With and Without Translation


He has made everything beautiful in its time. He has also set eternity in the human heart; 

yet no one can fathom what God has done from beginning to end.  Ecclesiastes 3:11



Kids_239God makes no mistakes.

He orchestrates every detail of our lives.

He knows exactly who to bring into our lives and when, so we become more of who He created us to be.

It’s been 12 days since I met Kednaud. Out of all the translators I could’ve been assigned, God chose Kednaud. It was truly a divine appointment.

Kednaud spent an entire day with me. It was arguably the most important day of my trip to Haiti, the day I met our sponsored children. He translated every word I uttered, every word our two sponsored children uttered, and every word uttered by a mama, auntie, nurse, and project director. Add up all of those words across an entire day, and you’ll begin to grasp the thousands of words Kednaud translated.

I was grateful for Kednaud’s presence and assistance, truly grateful.

The only words he didn’t know how to translate from English to French Creole were “pink” and “swimsuit.” That accounts for an entire day of translating words. I’d say that’s beyond impressive.

I’ve worked with translators before for my work as a speech-language pathologist, so this translation was nothing foreign to me. But this experience of working with a translator all day, non-stop? It was beyond amazing. The Compassion staff reminded us that these were not just translators, they were “relationship builders,” and that’s exactly what Kednaud was.

But there’s something more I want you to know about Kednaud. You see, he wasn’t JUST my translator that day.

I believe God sent Kednaud to be my translator because there was something He desperately wanted to show me, show us, in the moments in-bewteen translation.

God arranged moments in-between translation for me to connect with Kednaud. When everyone else was using the restroom, when everyone else was helping the kids change into their bathing suits, when everyone else was helping the kids change into their clothes, when everyone else was getting a second helping of food, and after everyone else had been given gifts, Kednaud and I were blessed with small moments to connect about things that matter most.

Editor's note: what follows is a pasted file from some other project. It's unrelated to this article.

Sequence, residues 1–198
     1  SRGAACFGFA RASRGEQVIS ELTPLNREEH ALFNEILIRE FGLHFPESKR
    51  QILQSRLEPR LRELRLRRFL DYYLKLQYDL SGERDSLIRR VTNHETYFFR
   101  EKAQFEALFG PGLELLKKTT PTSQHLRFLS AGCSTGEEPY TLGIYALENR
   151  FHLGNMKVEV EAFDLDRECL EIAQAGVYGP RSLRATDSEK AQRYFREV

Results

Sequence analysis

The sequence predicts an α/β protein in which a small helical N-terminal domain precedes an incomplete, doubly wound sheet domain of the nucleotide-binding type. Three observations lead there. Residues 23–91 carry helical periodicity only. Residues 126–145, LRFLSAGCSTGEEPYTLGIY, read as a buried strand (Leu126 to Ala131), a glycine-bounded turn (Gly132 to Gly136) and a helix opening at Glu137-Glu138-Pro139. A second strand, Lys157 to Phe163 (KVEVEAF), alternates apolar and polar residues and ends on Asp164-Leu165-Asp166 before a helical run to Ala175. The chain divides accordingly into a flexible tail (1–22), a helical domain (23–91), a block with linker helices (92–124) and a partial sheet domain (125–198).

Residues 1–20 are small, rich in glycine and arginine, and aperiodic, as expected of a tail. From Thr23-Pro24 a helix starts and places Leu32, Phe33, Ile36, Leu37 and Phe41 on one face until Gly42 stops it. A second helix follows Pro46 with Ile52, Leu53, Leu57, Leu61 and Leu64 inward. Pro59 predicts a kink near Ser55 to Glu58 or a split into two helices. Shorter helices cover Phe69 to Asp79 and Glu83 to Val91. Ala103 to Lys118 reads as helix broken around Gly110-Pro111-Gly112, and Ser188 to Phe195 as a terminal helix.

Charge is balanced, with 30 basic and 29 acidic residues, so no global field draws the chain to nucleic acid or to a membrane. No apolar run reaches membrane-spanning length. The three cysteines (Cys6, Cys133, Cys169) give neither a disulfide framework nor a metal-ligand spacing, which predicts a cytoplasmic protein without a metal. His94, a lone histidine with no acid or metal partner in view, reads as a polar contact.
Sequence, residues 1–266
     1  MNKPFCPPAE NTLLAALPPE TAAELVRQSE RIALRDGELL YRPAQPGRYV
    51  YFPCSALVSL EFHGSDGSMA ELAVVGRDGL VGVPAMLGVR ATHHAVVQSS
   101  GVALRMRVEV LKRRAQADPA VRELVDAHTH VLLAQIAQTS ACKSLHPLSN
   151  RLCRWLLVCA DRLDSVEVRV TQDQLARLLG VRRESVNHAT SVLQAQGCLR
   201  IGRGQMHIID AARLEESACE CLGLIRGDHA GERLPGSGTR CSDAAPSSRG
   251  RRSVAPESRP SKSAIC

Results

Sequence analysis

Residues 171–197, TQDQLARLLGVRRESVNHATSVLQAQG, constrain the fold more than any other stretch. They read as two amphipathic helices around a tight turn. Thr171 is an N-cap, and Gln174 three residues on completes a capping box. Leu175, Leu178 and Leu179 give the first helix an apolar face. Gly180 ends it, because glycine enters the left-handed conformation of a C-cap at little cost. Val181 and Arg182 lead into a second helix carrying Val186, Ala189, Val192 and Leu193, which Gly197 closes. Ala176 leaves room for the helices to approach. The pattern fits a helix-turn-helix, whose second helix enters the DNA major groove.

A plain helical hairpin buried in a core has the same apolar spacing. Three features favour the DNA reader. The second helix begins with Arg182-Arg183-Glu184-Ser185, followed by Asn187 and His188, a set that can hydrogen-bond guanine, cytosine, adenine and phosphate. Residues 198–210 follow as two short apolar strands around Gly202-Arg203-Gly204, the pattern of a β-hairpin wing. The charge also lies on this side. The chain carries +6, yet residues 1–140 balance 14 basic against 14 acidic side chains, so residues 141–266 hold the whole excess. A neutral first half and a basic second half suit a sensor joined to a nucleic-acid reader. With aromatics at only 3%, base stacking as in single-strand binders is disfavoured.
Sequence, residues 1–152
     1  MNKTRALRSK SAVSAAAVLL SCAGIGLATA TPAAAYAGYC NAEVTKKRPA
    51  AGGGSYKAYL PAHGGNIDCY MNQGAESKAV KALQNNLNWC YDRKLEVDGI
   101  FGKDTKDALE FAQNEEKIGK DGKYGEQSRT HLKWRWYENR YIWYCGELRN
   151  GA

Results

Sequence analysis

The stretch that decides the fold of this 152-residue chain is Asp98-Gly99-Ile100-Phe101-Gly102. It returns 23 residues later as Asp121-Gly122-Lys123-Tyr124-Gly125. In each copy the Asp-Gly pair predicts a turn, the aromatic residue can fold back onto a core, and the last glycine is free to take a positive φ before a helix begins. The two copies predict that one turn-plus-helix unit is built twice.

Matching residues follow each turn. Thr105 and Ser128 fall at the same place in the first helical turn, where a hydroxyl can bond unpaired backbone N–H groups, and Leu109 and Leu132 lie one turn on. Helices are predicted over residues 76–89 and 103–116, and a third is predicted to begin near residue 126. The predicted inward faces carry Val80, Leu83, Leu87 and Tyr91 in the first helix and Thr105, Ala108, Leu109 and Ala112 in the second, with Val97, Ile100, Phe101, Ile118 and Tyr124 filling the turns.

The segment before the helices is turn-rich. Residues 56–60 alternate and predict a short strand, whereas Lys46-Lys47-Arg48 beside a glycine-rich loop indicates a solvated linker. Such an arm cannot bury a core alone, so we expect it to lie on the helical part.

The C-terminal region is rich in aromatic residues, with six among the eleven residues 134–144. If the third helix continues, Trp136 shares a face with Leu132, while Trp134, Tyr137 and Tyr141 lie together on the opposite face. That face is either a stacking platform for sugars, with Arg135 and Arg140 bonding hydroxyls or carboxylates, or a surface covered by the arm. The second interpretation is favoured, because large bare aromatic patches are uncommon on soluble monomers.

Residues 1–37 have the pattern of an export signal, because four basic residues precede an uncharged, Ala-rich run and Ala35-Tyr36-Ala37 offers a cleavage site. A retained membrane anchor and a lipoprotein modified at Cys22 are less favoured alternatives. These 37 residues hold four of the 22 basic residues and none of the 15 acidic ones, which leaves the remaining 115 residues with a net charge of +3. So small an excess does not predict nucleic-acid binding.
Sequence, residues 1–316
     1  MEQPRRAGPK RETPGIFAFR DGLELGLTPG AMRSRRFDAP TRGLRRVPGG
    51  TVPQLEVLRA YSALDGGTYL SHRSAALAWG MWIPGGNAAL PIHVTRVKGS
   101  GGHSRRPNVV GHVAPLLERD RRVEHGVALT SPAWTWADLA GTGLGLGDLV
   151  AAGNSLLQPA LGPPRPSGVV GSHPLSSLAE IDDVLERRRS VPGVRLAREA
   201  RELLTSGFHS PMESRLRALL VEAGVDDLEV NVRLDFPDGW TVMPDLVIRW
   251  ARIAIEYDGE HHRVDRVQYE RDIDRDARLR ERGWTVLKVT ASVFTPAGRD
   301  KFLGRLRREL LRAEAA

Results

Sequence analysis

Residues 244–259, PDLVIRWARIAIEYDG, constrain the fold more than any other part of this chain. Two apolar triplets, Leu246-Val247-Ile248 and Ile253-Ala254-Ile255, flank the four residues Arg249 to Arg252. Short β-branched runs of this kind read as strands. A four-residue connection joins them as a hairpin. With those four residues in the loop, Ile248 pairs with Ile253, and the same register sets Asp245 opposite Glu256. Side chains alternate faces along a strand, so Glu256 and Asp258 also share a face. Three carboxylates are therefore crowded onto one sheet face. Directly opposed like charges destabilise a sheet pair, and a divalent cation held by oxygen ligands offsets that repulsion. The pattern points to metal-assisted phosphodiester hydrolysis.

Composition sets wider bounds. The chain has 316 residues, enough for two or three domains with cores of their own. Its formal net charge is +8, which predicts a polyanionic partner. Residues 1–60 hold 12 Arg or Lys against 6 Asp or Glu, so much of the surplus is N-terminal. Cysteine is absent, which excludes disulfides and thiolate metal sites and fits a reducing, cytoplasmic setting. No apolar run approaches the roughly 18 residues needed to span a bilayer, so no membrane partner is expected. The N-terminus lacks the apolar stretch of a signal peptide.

What are the things that matter most? They’re things that connect us as human beings, regardless of our gender, regardless of where we were born, regardless of our possessions, regardless of any circumstance.

Kednaud’s friends tease him, joke that He’s not fully Haitian. He “gets” American culture. He has friends that are from America, and they’ve invited him to come and live in the United States. They’ll even buy him a house if he’ll move to America. It’s tempting, but he knows. He’s Haitian. He loves his country and he doesn’t want to leave. He’s meant to stay here, in Haiti.

So he translates for American visitors, he values the opportunity to engage and develop relationship with Americans who visit and build homes in Haiti.

And God’s placed on Kednaud’s heart a big God-sized dream. Kednaud dreams of learning 21 languages. He’s already learned four, and knows what his fifth will be, Italian. Because education is expensive and finances are limited, Kednaud works on one language at a time, as he’s able to afford. He takes courses online, through a website called Babbel, where he learns each language and earns a certificate that proves his proficiency.

Kednaud understands. His dream to learn 21 languages is big. It’s a dream most might think is unattainable, especially considering his circumstances. But he believes, I believe, that ALL things are possible with God, through Christ.

I shared about this “God-sized dream” talk in America, how God places dreams on our hearts that seem big, unattainable through the lens of human eyes, but that we trust, knowing anything is possible with God.